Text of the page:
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The Inquest into the death of 19 year-old Josh was heard before a jury and HM Assistant Coroner, Mr David Manknell KC, at the Inner South London Coroner’s Court from 20 – 28 March 2024.

The jury found that the circumstances of Josh’s death were as follows:

The deceased was a man with a history of mental illness and suicide ideation. He made 2 suicide attempts in 2018 which resulted in mirtazapine prescription from the GP. Subsequently, he was referred to SLAM (Community Mental Health), whom he saw for the next 9 months.  During 2018/19 he was experiencing multiple stressors in his life.

On 18 September 2019, he was happy to be discharged from SLAM, and refused therapy as he wanted to get on with his life. He was formally discharged with a letter on 15 October 2019. He had an appointment with a GP on 29 October 2019. Following a panic attack, and was prescribed 84 Propranolol tablets for acute symptoms.

Subsequently, he received further prescriptions for Propranolol at 84 tablets (on 26 November 2019 and 4 January 2020). On 2 December 2019 he met with the GP and the GP suggested reducing the Propranolol medication.

On 18th January 2020, there was a family event, which [Josh] decided not to attend. In the early hours of 19th January 2020, he contacted a friend, to say that he intended to take his life, and that friend then contacted the police. Police and ambulance were dispatched.  The police attended at 02:45 on 19th January 2020. [Josh] denied sending the text and declined help.

The police left and cancelled the ambulance.

[Josh] was later found collapsed and unresponsive in the bathroom at 04:50. First responders (ambulance) arrived at 04:54 and started CPR. [Josh] was transported to hospital and arrived in cardiac arrest (asystole). [Josh] was pronounced dead at 08:26 on 19 January from Propranolol overdose.”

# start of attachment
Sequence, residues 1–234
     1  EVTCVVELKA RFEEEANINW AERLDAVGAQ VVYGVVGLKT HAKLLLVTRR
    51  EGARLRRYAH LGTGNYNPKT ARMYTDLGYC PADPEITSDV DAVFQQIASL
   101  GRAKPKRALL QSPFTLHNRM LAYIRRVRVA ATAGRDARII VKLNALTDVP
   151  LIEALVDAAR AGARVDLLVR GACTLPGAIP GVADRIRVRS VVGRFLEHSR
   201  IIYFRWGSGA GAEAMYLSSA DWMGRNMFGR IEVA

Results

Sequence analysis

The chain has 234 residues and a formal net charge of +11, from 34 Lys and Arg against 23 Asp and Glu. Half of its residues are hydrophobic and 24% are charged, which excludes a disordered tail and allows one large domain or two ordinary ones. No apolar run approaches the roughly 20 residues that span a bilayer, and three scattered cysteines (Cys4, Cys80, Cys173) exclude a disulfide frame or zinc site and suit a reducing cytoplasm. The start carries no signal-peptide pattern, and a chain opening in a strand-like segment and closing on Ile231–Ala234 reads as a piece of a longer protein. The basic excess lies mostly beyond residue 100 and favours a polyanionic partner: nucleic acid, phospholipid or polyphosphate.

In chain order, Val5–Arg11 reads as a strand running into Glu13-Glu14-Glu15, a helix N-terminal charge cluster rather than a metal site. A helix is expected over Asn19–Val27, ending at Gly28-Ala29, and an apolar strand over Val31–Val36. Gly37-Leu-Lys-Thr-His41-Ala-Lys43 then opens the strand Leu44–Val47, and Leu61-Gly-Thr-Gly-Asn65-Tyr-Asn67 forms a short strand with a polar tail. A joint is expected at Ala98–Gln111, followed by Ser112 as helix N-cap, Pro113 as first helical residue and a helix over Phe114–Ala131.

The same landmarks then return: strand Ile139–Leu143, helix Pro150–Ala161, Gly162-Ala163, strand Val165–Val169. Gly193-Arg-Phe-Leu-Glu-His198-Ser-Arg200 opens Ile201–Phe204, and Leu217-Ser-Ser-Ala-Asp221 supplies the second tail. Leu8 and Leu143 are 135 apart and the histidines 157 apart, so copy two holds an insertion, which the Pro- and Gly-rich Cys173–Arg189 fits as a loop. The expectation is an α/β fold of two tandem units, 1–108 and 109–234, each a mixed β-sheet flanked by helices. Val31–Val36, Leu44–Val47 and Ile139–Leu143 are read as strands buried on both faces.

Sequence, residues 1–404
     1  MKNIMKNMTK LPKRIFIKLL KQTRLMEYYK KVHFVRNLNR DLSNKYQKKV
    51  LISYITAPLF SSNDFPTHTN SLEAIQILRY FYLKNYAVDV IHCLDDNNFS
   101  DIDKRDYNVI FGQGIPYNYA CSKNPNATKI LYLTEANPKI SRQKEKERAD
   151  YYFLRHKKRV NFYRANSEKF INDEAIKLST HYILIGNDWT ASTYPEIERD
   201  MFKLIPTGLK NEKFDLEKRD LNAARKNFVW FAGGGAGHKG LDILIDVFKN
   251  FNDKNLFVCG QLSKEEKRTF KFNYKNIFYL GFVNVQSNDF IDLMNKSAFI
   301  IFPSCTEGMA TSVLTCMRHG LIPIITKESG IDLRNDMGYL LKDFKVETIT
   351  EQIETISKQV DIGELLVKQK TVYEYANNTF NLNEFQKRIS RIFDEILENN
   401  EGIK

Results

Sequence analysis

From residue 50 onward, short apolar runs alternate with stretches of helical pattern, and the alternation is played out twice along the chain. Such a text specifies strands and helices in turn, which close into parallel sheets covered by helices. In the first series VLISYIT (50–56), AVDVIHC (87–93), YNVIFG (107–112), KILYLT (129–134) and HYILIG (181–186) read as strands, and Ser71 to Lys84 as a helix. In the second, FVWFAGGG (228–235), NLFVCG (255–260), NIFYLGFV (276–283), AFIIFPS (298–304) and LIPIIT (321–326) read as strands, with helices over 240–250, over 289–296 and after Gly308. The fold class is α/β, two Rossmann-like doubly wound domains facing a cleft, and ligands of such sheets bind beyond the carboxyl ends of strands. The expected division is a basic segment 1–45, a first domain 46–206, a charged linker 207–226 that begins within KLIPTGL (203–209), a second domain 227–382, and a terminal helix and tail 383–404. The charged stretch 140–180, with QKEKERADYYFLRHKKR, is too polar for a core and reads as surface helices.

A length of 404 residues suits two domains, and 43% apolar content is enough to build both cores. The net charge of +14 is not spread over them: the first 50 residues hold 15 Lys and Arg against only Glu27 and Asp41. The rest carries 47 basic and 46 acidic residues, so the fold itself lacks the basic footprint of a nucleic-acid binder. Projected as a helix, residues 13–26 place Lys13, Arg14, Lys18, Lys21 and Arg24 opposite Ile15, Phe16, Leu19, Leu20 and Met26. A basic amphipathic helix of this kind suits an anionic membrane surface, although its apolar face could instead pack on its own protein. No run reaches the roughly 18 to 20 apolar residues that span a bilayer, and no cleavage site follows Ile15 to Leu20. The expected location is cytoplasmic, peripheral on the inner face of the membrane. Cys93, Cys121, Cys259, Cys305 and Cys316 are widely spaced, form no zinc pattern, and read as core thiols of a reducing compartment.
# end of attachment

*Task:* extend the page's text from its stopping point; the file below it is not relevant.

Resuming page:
Significantly, the jury concluded that:

·         the police were not fully informed of the level of risk to Josh’s life as markers of ‘suicide’ or ‘self-harm’ should have appeared on the PNC; 


·         this resulted in inadequate questioning from the officers on their attendance at 02:45 which could have led to Josh’s family, who were asleep in the house at the time, being alerted at an earlier stage; and


·         the inappropriate action of cancelling the ambulance, who may have made the appropriate mental health assessment.  

Although they were not directly asked to determine this issue, the jury expressed concern with the evidence they heard in relation to SLAM’s mental health services which suggested that Josh was: 

·         lost in the system.

·         his medical records were not shared with the GP.

·         Josh did not have his autism (ASD) test.

The jury considered that these may have been factors that contributed to Josh’s death.

While the jury found that the prescription of Propranolol was appropriate by Josh’s GPs, the Assistant Coroner was sufficiently concerned about the risk of future deaths by Propranolol overdose that he issued a Prevention of Future Deaths report to NHS England about the risk of prescribing Propranolol. This comes after the Inquest heard about a report that was released just weeks after Josh’s death by the Health Services Safety Investigations Body about the Potential under-recognised risk of harm from the use of propranolol”. 

Emma Gilbert, Solicitor for the Family said:

“Every so often you get a refreshing case where the inquest system works as it ought to; where the Family get a full explanation on the circumstances in which their loved-one died and their concerns about what may have gone wrong are taken seriously. This was one of those cases. It was evident to everyone in that courtroom that Josh was so well-loved and supported by his Family, particularly his mother and step-father who were present for every day of the proceedings. The heart wrenching circumstances of Josh’s death leave you with the sinking feeling that if the officers had asked Josh to wake up his parents when they attended at 2:45am, the outcome may have been very different. The jury’s conclusion is a stark reminder that it is not only important to members of the public for there to be co-ordination between public services but for those services to use all of the information and resources available to them to make decisions, especially family.”  

Josh’s family was represented by Emma Gilbert of Imran Khan and Partners Solicitors and Saoirse Townshend of Temple Garden Chambers.


Please contact Ms Emma Gilbert at 020 7404 3004 or for further details.


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